Importantly, with budgetary constraints a reality for at least the next decade, in order to have submarines which can use their missiles efficiently in regional wars, there are basically two directions to be taken in submarine force restructuring – build submarines specially configured for the Third Power environment or modernize the existing weapons. Significantly, it is impractical to modernize the structure of the submarine force by building a new, responsive submarine — because of the great time that it takes to realize a force of new submarines. At best, a new submarine might be operational in the second decade hence. Whereas, modifications to weapons appear to be achievable in the near-term of this present decade. Having a modernization program for torpedoes suggests retention of ADCAP torpedoes as presently configured to meet regional ASW threats and the acquisition of a low-cost antiship torpedo. On the other hand, modernization of submarine missiles is not so easily rationalized – and needs first, a definition of what they comprise and then the low-cost ways to achieve their modernization.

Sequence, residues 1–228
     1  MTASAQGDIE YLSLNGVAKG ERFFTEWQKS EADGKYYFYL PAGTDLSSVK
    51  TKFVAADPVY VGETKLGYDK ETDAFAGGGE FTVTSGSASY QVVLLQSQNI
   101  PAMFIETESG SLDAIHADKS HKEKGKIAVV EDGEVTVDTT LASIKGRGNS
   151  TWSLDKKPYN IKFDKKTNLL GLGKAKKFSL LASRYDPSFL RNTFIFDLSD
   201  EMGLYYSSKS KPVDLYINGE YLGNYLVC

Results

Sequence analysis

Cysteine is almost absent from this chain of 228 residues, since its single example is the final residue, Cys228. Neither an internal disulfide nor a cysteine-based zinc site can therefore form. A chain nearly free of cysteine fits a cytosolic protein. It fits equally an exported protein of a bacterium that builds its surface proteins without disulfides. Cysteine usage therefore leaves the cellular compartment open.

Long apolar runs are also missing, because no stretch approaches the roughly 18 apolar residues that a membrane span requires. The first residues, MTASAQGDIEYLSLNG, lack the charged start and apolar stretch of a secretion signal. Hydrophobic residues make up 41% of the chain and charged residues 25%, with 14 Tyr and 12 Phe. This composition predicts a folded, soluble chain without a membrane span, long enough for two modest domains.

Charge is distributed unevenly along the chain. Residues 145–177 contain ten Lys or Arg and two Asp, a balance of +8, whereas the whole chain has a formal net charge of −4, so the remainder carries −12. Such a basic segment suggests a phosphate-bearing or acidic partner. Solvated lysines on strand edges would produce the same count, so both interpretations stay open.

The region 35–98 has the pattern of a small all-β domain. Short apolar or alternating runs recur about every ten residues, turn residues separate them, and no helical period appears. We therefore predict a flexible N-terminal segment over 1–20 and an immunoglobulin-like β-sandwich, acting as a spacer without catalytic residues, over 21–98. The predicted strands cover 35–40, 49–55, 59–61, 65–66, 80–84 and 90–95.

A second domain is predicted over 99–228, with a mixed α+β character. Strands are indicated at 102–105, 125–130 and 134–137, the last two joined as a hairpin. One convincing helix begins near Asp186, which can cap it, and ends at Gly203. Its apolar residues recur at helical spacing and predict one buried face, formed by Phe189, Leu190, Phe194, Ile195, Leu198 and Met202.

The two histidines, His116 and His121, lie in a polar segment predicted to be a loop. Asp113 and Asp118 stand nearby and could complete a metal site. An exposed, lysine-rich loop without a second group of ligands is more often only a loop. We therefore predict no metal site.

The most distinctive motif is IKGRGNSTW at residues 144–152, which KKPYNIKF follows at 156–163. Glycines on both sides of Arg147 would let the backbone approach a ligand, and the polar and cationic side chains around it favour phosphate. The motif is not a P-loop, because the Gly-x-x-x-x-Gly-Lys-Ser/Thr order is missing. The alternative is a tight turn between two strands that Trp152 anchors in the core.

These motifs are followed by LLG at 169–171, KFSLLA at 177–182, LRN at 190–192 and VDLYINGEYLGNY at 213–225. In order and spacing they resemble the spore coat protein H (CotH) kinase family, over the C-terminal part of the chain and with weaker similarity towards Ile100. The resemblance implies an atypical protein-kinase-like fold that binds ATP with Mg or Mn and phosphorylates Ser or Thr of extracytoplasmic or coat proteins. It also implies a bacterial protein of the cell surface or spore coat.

The nuclear SLCM is solely a Tomahawk varianl It can Oy 1,500 miles at 450 knots and deliver a medium yield device with about 60 meter accuracy. Its role in regional conflicts is likely to be minimal, except that regional forces with a nuclear capability may be deterred from the use of their nuclear weapons because of the potential use of nuclear SLCMs. In addition, its presence in the U.S. inventory constitutes a hedgetype capability if a major war against a nuclear power is threatened.
The submarine launched non-nuclear cruise missiles may be either short range Harpoons or longer range Tomahawks. Both have variants for either the land attack or antiship mission. Moreover both are operational on many of today’s U.S. attack submarines.
Recognizing that there are marked differences between these two kinds of non-nuclear SLCMs, it is valuable to define each weapon so that their modernization can be related to costs and capabilities for the next decade.